Suspecting LAST, an alarm was raised, and GTCS was managed with midazolam 2 mg, lorazepam 4 mg, and propofol 50 mg. The patient was intubated with 8.5-mm internal diameter cuffed Polyvinyl chloride endotracheal tube orally using atracurium 30 mg. Blood pressure was stable during the GTCS episode and post intubation. However, the heart rate started fluctuating in the range of 46–50/min, with electrocardiography showing sinus bradycardia. Atropine 0.6 mg was given twice to correct bradycardia. Twenty percent intralipid emulsion was given as 1.5 ml/kg bolus followed by infusion (0.25 ml/kg/min) as per the NYSORA and ASRA guidelines to manage LAST, and the patient was monitored in the OR.[3]

The patient's vitals remained stable for the next 30 min; arterial blood gas analysis was performed, and it confirmed pH, arterial oxygenation (PaO2), and arterial carbon dioxide (PaCO2) within normal limits. The decision to proceed with surgery was taken because this was a semi-emergency case. General anesthesia was maintained with oxygen: air: sevoflurane mixture to reach minimum alveolar concentration of 0.8–0.9, and paralysis was maintained with atracurium. Post-GTCS adverse events and their management are depicted in [Table 1].
Table 1: Postgeneralized tonic-clonic seizure adverse events and their management

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The patient was electively ventilated overnight, maintained vitals throughout, and noradrenaline infusion was tapered. The next day, the patient was successfully weaned off and extubated after a thorough neurological, respiratory, and cardiac examination. The remaining hospitalization period remained uneventful, and the patient was discharged on the 8th postoperative day.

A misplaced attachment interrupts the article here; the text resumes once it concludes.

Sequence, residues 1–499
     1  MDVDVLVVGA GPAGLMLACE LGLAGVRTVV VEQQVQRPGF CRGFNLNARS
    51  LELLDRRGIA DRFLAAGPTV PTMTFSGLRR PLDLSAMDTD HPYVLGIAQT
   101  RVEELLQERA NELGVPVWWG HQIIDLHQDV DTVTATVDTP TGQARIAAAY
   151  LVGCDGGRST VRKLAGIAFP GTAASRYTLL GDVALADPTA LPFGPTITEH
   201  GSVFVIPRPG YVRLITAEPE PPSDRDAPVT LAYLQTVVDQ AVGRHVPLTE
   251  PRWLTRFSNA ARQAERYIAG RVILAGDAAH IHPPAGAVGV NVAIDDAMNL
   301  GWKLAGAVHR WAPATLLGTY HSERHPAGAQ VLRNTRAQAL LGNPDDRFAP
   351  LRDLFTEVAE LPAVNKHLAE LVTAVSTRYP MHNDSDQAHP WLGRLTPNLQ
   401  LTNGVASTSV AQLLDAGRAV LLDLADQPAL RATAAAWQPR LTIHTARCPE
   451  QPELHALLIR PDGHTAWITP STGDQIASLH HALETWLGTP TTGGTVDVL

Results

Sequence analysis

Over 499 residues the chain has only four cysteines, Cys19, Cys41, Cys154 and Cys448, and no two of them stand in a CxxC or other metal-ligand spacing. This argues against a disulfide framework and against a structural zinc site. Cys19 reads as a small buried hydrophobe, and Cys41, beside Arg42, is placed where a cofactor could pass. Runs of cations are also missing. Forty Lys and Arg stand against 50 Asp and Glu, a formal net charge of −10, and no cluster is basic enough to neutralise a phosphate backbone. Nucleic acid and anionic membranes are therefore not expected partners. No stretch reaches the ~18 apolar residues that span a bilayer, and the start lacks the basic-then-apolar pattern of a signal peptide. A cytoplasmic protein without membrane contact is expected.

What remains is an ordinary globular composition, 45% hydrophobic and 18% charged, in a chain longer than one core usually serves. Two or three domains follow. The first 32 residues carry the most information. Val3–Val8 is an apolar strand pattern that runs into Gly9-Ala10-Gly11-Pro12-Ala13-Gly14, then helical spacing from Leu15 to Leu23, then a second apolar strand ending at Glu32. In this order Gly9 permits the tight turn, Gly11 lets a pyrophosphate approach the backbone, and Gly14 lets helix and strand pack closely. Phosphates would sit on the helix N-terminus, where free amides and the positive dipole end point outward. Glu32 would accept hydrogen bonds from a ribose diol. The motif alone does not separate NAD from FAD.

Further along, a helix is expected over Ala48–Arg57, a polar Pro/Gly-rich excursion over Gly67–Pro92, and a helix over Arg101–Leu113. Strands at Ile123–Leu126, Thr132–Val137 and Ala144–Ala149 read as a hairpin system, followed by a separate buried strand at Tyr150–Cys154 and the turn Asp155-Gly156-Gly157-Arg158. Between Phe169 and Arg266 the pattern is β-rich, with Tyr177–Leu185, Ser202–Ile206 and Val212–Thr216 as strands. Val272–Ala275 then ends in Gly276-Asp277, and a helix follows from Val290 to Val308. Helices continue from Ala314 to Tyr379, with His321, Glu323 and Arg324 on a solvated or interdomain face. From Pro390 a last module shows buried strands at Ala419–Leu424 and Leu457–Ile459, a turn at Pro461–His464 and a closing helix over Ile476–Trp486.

Discussion Top


The central nervous system (CNS) and cardiovascular system (CVS) are most commonly involved in LAST. Mostly, the signs and symptoms developed on a mixture of LA used are a combination of CNS and CVS toxicity. However, isolated CVS and CNS toxicity may also be noted in a few cases. Cardiac toxicity associated with the overdose of intravascular injection of LA is characterized by hypotension, atrioventricular conduction delay, idioventricular rhythms, and eventual cardiovascular collapse.

Although all LA drugs potentially shorten the myocardial refractory period, bupivacaine avidly blocks the cardiac sodium channels, thereby making it most likely to precipitate malignant arrhythmias. As for toxicity with lignocaine, miscalculation of the dose, injection of the drug into a blood vessel, or repeated administration of therapeutic doses are the major causes of systemic toxicity.[3] Lignocaine works by binding voltage-gated sodium channels, thus inhibiting the propagation of action potential. The main target organs are CNS and CVS. Because the CNS is more sensitive to electrophysiological changes than the CVS, neurological symptoms such as dizziness, tinnitus, and peri-oral numbness usually precede cardiovascular manifestations during lignocaine systemic toxicity.[3] Cardiac instability is fatal, and to prevent mortality, lipid infusion is recommended.[3],[4],[5]

Vigilance is recommended – early recognition of symptoms to start management as soon as possible. Stop LA injection immediately, maintain airway with bag valve mask and endotracheal intubation, and, if required, administer 100% oxygen. Secure intravenous (IV) access, if not already secured; push IV fluids; and control seizures with lorazepam, midazolam or propofol or thiopentone. Monitor cardiac activity and initiate cardiopulmonary resuscitation if needed. Antiarrhythmics should be administered if required. Hypotension, if persists, needs to be treated with inotropes.